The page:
The Process of Spermatogenesis in the Male Testis
Spermatogenesis is an intricate process that involves mitotic cell division, meiosis, and its process. The regulation of spermatogenesis involves the endocrine and the paracrine mechanisms. The spermatogenesis endocrine stimulation involves the follicle stimulating hormones (FSH) and the luteinizing hormone. The luteinizing hormone acts through the intermediary testosterone that is produced by the leydig cells in the testis. A male fertility requires the production by the testis with large number of normal spermatozoa by spermatogenesis process. There are three major steps subdivided in the process; the mitosis, meiosis, and the transformation of the round spermatid. The multiplication of spermatogonia is through the process of mitosis. The meiosis reduces the numbers of chromosome from the diploid to haploid. It commences with the entry of type B spermatogonia in the first meiotic division prophase. The primary spermatocytes are divided to form secondary spermatocytes. It is divided again to form round spermatids, the successful transformation of the round spermatid in the complex structure of the spermatozoon that is called the spermiogenesis.
The male genitalia consist of the scrotum, inside is the testicles and ducts associated to it or the epididymis and vas deferens, and the penis. The testes are covered and protected by a tough white fibrous layer, the tunica albuginea; it extends inward and divides the testis in many lobules. Every 200 to 300 lobules contain one to three extra long and tight-coiled seminiferous tubules; it serves as nurse cells that provide important nutrients to the sperm. The absence of spermatogenesis, the sertoli cells are seen on microscopic inspection of the testicular biopsy. The leydig cells are the other important cell type within the testis; it makes testosterone that is essential to the male hormone. The testosterone is responsible for a normal male development of secondary sex characteristics, libido, and normal erections. In addition, the testosterone is important for sperm production to levels of hormones that is 50 folds higher within the testis as in the blood.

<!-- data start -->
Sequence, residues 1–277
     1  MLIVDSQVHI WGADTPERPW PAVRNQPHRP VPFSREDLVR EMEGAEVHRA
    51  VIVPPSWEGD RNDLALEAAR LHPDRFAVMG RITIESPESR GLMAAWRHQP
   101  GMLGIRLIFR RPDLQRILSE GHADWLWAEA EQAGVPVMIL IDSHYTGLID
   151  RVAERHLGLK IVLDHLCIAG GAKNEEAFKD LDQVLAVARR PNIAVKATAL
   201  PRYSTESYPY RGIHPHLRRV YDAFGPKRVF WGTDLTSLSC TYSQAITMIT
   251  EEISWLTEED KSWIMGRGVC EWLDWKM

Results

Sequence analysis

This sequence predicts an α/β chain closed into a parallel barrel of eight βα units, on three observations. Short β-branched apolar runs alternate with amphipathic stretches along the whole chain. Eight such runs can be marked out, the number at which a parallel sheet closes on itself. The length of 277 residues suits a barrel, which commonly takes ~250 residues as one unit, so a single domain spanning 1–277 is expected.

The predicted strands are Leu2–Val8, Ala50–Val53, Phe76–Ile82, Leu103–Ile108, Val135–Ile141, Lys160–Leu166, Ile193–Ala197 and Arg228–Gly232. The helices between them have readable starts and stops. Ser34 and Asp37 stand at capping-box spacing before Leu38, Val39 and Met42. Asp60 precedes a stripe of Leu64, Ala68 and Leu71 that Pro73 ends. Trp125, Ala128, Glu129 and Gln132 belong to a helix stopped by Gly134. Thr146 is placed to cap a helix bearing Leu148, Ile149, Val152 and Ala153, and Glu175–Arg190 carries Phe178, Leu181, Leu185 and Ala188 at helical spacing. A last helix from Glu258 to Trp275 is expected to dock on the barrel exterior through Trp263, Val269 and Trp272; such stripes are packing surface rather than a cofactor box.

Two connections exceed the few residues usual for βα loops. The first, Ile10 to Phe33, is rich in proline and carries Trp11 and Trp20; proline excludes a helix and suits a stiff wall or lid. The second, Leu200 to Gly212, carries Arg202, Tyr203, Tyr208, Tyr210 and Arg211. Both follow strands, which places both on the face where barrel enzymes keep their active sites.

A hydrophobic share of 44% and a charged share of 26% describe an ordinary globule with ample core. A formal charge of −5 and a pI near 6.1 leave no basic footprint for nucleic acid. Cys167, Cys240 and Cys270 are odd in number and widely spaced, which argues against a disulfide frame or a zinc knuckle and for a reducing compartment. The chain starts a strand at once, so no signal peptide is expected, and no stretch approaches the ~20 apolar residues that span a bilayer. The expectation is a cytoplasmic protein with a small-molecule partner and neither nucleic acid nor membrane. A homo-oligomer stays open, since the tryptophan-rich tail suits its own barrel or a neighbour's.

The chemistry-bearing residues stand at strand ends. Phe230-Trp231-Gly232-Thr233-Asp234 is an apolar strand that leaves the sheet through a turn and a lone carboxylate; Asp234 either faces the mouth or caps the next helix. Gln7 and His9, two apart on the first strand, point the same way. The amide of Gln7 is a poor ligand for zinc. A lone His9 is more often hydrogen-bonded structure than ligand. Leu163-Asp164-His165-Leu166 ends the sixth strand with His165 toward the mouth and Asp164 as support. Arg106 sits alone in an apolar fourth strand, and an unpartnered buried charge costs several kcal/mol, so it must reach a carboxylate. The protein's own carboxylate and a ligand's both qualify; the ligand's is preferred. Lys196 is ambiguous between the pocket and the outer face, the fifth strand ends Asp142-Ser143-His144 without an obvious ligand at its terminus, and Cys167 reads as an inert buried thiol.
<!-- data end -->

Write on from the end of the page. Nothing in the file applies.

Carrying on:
Meiosis is a part of spermatogenesis, the production of sperm cells. The sex organs mature after puberty. Spermatogenesis is constant in the testes of human males. The primary spermatocytes (diploid) divide during the meiosis I forming two secondary spermatocytes (haploid). The secondary spermatocytes divide during the meiosis II and produce four spermatids (haploid). In the secondary spermatocytes, the chromosomes are duplicated consisting two chromatoids while spermatids consists only one chromatoid.
Process of Oogenesis in Female
Oogenesis is a type of gametogenesis; it is the process of the production of female gametes as sex determination occurred in the embryo. It is the differentiation of the ovum, the gamete formed by oogenesis contains all the materials necessary to initiate and maintain the development and its metabolism. The female gonad development is at default state. The ova is created egg cells during the process of oogenesis and completed although the lifetime of a female. Oogenesis involves the creation of haploid sex cells through the process of meiosis. In addition, aside from the forming of a haploid nucleus, oogenesis builds up a group of cytoplasmic enzymes, organelles, mRNAs, and metabolic substrates. The egg develops s complex cytoplasm.